“Once there was a Mexican girl whose name was Frida,” begins one of the 100 fairytale reinventions included in the book Good Night Stories for Rebel Girls. Recently, a family friend bought each of my daughters a copy as a gift and we have been reading these stories at bedtime ever since.
Good Night Stories for Rebel Girls by Elena Favilli and Francesca Cavallo became the most funded book in Kickstarter crowdfunding history and number five on the New York Times Children’s Best Sellers list. As written on their website, this “is a collection of illustrated stories that celebrate extraordinary women. Painters, scientists, dancers, chefs, astronauts, jazz singers, pharaohs, boxers, writers, political leaders… from every corner of the globe!”
Each night when I read these stories to my daughters I try to see how far I can make it before my eyes get a bit misty and my voice chokes up. How incredible it is to have a collection of stories by females, about females and for…? Well, this is where it all got interesting.
Middle Daughter asked to take the book to school last week, to show her teacher. I said definitely and commented that perhaps her teacher would read a story to the class. She grew concerned; the boys in the class wouldn’t like a book like this, she told me, this book is for girls. I turned her concern around and asked her whether she found stories about boys interesting. And she looked at me like I had asked such a silly question. And of course, it should be.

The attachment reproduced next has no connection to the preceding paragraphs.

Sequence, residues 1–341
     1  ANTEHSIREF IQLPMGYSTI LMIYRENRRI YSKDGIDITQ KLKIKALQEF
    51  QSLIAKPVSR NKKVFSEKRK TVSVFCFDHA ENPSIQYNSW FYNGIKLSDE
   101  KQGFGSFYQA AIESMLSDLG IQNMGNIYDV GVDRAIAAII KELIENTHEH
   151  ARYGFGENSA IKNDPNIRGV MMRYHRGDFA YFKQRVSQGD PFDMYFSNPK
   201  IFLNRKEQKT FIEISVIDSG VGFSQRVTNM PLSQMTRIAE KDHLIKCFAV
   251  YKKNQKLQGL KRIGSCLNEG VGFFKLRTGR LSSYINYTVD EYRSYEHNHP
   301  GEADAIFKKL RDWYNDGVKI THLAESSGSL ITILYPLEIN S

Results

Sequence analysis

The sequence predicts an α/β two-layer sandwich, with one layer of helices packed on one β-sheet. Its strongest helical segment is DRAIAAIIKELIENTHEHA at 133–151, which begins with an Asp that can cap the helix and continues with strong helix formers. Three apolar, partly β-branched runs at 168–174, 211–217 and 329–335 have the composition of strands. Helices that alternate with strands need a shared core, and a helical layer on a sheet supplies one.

But a recent study in the journal Science found that by the time girls reach the age of six, they are less likely than boys to view their own gender as innately brilliant. Was my daughter already starting to question the interest stories about girls could hold for both sexes? Where was this coming from?
Pointing to a study of 6 000 children’s books published between 1900 and 2000, which found that just 7.5% had female protagonists, the authors of Good Night Stories for Rebel Girls reflected that not much has changed. “We realised that 95% of the books and TV shows we grew up with lacked girls in prominent positions… so we decided to do something about it.”
I think it’s crucial that we read stories like these to our sons too. It is so important that they learn to identify and empathise with female heroes as well as male ones. Girls are used to being sidekicks or props in books and manage to identify, without any trouble, with male protagonists. So it’s just right to expect boys to identify with female ones. Looking at the famous quote “Strong Women: May we know them. May we be them. May we raise them”, let’s consider how we can include young men in the conversation and trust them to find stories about interesting people interesting, no matter the gender of the protagonist. I’m happy to say that Middle’s teacher did read the stories to the class — and the boys enjoyed them as well. The lesson I hope my daughter takes from this is that not only are women interesting and valuable, but that men are too, and can be trusted to recognise these qualities in women.
And now to mention a few strong women in my life. Thank you to my Chronicle team, Anita Shenker, Tessa Epstein and Desrae Saacks for another wonderful year. I so appreciate your humour, your patience and your willingness to do what is needed to put out a quality product each month.
On behalf of my Chairman, Editorial Board and staff, I wish all our readers Shana Tova and a meaningful fast.